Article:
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Help with use of start dates Thread Tools Search this Thread Display Modes
New to OF, I am tantalizingly close to a setup that makes sense to me but frustrated at my inability to overcome one last hurdle. Any help would be appreciated.

I want to reserve due dates for rare items where my failure to accomplish a task by the due date really does have important consequences. It is useful for something to show up in my "today" perspective in red, and days before its due date, but only in these rare (for me) circumstances.

Therefore, I'm using start dates for the more ordinary case of wanting/intending to do something on a day, but recognizing that it is not really a problem if I don't. Many of my actions have start dates; few have due dates. So far, so good.

Now to my problem: When I get through all items due and starting today, I'd like to look ahead at upcoming items and possibly get a head start on them. In order to do this, I must consider "remaining" rather than "available" items since actions with future start dates are unavailable. But when I move to "remaining", I also get all the impossible-to-accomplish actions from sequential projects that are behind uncompleted items. Sequential projects being a big reason I'm moving from Things to OF, I hate to lose this feature in what is already the most cluttered of my often viewed perspectives.

Any ideas on how I can have the advantages of my current setup without the problem I've created? I want two levels of urgency, with only the more urgent receiving bold color and reminders days ahead of due date. But I also want to look ahead at items slated for future dates without having to look at actions unavailable by virtue of sitting behind uncompleted actions in sequential projects.

Complicated question, I know. If you read this far, thank you. If you have a suggestion, thank you even more!

Last edited by dal71; 2011-03-10 at 09:03 PM..
 
Make yourself a context mode perspective that groups by start date, sorts by due, and shows remaining actions. Close the group for "Start any time". Now you'll just see the items that have an actual start date assigned, and actions that are blocked by earlier actions in a sequence but don't have start dates of their own will be in the "Start any time" group. It isn't perfect, but it works pretty well.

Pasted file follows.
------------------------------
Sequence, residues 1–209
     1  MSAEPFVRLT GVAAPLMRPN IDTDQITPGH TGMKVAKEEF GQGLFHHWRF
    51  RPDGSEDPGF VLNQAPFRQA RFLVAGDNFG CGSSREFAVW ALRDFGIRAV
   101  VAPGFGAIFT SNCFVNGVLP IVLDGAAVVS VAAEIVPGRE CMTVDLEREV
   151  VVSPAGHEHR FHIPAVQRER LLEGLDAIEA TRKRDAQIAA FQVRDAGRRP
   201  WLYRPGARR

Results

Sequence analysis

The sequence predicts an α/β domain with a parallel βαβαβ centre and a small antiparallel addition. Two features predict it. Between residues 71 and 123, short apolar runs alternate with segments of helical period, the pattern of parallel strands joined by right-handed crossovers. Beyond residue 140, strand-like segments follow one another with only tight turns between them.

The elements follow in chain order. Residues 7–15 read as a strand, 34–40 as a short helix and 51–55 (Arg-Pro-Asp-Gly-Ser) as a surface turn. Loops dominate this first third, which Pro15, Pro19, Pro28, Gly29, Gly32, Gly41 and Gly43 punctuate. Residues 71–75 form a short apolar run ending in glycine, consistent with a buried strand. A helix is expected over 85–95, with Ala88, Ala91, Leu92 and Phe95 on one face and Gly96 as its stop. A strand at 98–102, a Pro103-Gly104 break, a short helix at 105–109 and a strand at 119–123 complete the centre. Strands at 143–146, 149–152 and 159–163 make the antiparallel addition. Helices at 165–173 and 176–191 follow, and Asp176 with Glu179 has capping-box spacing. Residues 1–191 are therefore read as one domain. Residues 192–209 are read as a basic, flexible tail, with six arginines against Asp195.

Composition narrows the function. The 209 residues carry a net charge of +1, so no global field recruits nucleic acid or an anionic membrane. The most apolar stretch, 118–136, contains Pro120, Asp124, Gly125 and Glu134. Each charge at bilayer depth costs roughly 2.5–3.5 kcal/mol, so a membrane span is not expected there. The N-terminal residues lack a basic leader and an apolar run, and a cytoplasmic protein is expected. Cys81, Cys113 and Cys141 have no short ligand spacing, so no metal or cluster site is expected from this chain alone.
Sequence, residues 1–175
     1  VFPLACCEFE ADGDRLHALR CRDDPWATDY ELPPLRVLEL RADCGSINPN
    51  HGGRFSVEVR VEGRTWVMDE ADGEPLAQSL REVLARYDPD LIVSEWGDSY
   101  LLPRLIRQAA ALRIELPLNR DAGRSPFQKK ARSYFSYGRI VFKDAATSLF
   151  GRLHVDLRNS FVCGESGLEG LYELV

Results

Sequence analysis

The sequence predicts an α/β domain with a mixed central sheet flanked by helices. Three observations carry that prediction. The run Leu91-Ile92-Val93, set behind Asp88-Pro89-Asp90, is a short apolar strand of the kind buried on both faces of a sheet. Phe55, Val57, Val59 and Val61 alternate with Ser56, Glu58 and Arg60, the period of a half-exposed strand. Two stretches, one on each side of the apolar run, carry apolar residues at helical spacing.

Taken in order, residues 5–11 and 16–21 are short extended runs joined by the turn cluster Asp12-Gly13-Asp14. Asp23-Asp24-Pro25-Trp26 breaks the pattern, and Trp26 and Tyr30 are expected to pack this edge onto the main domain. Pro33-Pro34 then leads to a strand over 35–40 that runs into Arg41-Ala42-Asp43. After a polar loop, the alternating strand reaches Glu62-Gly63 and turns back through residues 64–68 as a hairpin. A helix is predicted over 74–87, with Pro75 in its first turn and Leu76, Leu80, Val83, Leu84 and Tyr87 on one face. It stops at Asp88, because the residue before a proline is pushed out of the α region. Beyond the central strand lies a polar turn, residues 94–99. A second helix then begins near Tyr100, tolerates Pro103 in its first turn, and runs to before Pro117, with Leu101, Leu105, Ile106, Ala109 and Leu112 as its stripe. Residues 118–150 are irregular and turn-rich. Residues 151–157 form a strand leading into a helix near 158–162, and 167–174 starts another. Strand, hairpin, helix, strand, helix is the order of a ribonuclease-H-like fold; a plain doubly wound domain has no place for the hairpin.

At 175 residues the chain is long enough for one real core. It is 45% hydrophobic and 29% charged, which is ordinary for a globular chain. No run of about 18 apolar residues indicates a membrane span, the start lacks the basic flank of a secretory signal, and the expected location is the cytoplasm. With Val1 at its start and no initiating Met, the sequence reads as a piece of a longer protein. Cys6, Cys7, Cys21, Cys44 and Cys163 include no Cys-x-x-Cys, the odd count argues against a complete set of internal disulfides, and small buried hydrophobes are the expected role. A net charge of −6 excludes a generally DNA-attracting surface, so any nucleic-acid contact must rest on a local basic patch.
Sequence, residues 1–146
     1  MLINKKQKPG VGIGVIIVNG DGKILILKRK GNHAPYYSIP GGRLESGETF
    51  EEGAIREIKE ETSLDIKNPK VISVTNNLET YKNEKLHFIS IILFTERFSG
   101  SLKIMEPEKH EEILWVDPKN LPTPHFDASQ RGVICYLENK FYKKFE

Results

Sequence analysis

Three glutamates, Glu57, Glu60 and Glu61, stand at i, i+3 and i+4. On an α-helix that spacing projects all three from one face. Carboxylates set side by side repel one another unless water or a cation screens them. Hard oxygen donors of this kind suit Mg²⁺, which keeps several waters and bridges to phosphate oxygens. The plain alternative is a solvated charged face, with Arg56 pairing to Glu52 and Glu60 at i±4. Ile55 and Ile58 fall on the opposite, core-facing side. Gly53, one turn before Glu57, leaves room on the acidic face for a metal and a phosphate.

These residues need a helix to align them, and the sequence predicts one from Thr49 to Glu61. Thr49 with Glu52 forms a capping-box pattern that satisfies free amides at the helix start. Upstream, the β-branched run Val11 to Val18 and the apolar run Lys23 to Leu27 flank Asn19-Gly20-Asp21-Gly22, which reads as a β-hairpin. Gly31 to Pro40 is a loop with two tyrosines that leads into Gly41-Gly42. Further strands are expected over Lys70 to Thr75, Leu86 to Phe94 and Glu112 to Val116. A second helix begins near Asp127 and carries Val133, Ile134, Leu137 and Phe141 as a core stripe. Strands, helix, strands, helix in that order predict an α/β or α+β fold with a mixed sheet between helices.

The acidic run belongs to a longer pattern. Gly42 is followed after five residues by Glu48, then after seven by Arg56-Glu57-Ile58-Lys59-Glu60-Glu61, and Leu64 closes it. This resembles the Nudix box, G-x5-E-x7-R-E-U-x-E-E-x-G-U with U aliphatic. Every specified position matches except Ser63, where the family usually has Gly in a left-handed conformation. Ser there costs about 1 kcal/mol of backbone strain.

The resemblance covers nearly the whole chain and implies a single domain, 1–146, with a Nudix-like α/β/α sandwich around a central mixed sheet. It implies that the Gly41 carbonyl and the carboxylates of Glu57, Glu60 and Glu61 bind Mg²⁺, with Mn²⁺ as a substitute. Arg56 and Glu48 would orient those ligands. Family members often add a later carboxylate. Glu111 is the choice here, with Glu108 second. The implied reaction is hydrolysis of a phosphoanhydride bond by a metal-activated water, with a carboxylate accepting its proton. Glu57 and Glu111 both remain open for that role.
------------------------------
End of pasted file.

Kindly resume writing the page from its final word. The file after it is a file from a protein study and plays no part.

How do you "close the group for start any time"?

Thank you,
Scott
 
Click on the black disclosure triangle next to the group title. When you save the perspective, there's a checkbox for the Restore: options which will save that state.
 
Quote:
Originally Posted by whpalmer4 View Post
Make yourself a context mode perspective that groups by start date, sorts by due, and shows remaining actions. Close the group for "Start any time". Now you'll just see the items that have an actual start date assigned, and actions that are blocked by earlier actions in a sequence but don't have start dates of their own will be in the "Start any time" group. It isn't perfect, but it works pretty well.
Thanks for the advice. Unfortunately, this is exactly what I'm doing. But since I tend to populate lots of start times in projects that I'm doing over the next few days, it doesn't accomplish so much. I suppose you do make a good point though-- if I try not to assign start times to any but the next action in a group, I can get much of what I want.

I'm new to OF and the forum, but I know I saw at least one online blog that suggests using start dates the way I do. Are many people doing this? If so, a sensible future feature might be "intended date" that captures this idea in the right way instead of forcing an imperfect abuse of "start date." Is this already a feature others are requesting?
 
Quote:
Originally Posted by dal71 View Post
Thanks for the advice. Unfortunately, this is exactly what I'm doing. But since I tend to populate lots of start times in projects that I'm doing over the next few days, it doesn't accomplish so much. I suppose you do make a good point though-- if I try not to assign start times to any but the next action in a group, I can get much of what I want.